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Author Topic: Password Brute Forcing and Geometric Series  (Read 964 times)

Eóin

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Password Brute Forcing and Geometric Series
« on: January 05, 2011, 08:01:03 AM »
There's been lots of talk about secure passwords recently. I was a bit bored and so decided to do a little math. The math relates to working out how long it would take the brute force a password while also taking into account Moore's Law. I first saw mention of this in a very early version of the 7-zip help file. It's no longer present in the new versions. Note this is just me musing, I'm not a cryptographer.

Let's simplify the math initially, so while Moore's Laws talks about transistor counts doubling every 18 months or so, we'll completely misrepresent it and claim that the number of passwords that the "technology of now" can brute force doubles every year. Next we'll also think of password lenghts in terms if bits so that we can can directly relate the increasing the length of the password by 1 bit to doubling the search space. For example in a lower-case alphanumeric password where each character comes from one of 36 possibilities, every additional character adds over five bits.

Ok, now onto the fun bit. So let's say that computers today can brute force about 1,000 passwords a year and that we have a password of 10 bits which gives a search space of also about 1,000. Now lets say this is a rather important password and I want to ensure what it protects stays safe for 15 years. One thought would be to add 4 more bits which would increase the search space by 16. But, the problem is over these 15 years the computers are improving. Indeed next year a computer would be able to brute force 2,000ish passwords, the following year that could be 4,000. Indeed by our simplified Moore's Law we see that in 4 years: 1,000 + 2,000 + 4,000 + 8,000 = 15,000. So though we increased the search space by 16, we really only added just over 4 years to the brute forcing effort, we've actually only seen a linear improvement.

This pattern is known as a geometric series, and to rob a Wikipedia graphic, there is a formula for calculating the sum

47470196f9edbc3b7bb81e853a3487ff.png

Here a is the number of passwords that can be brute forced now and r is the rate at which that increases.

So let's do a little test and ask how long would I need a password to be (in bits) today such that it'd stand up to 30 years brute forcing. We'll do the math in steps of months rather than years. To use somewhat real figures, I looked at CodingCrypto's page on Engineyard's Programming Contest. One of the results they quote is that a Quad Core 2 @ 2.4Ghz could compute 47,603,960 SHA1 hashes/second, which becomes a rather mind boggling ~ 1.2339 x 10^14 per month.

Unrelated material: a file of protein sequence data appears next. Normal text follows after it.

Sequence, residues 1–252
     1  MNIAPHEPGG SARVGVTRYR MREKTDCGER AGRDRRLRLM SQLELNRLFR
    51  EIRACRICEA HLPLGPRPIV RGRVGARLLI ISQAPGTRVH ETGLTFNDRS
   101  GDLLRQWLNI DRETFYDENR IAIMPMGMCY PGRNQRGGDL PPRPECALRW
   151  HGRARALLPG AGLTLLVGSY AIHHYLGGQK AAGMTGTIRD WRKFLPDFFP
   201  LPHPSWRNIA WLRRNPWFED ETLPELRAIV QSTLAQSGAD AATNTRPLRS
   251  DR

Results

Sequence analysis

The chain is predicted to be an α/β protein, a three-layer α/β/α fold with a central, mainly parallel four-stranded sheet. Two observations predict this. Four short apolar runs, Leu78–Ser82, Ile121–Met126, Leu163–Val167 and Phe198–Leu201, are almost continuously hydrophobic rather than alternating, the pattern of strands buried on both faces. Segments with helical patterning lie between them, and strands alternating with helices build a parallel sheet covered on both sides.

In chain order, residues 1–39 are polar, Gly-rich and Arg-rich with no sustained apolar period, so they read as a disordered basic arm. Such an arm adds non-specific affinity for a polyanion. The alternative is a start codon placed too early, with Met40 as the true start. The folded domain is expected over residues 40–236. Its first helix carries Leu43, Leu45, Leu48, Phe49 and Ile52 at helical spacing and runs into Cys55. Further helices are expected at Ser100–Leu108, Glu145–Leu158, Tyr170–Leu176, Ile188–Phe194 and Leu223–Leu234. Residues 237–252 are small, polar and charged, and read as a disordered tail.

Ok, so let's do the math :Thmbsup:
  • If r over 18 months is 2, then r for one month is r = 2^(1/18) = 1.0393
  • We want to survive 30 years brute forcing so n = 30*12. Therefore the geometric sum x = 2.6709e+007
  • The value a we are taking to be 1.2339 x 10^14 passwords per month, giving the total, t = a*x = 3.2956e+021 over the next 30 years.
  • So what size in bits would a password need to be to stand up to that? Well the length l = log(t)/log(2) = 71.4810, so at least 72 bits.
  • Now what size lowercase alpha numeric password would we need? Well now we have l = log(t)/log(36) = 13.8263, or 14 characters.

All in all 14 lowercase alpha numeric characters isn't too long a password. But 30 years is a far cry from the thousands, if not millions, of years normally quoted for such password lenghts (and no, I don't have a citation to back up said quoted figures ;) )

Anyway, as I say, I'm just musing and maybe totally wrong. Also assuming Moore's Law to hold up over such timescales, or longer, is a bit fanciful  :-[

f0dder

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Re: Password Brute Forcing and Geometric Series
« Reply #1 on: January 05, 2011, 09:58:44 AM »
Moore's law is probably going to fail a lot before 30 years from now, and we definitely don't see an x-fold software speedup from an x-fold increase in transistor count... So the mathy stuff is going to be pretty far off. Still, it's an interesting thought experiment, and while we're likely to hit a cap on the CPU gHz there's other factors as well - massive parallelism, massive distribution, GPGPU, algorithm improvements...
- carpe noctem

Eóin

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Re: Password Brute Forcing and Geometric Series
« Reply #2 on: January 05, 2011, 10:14:57 AM »
A though experiment is all it was ment to be :D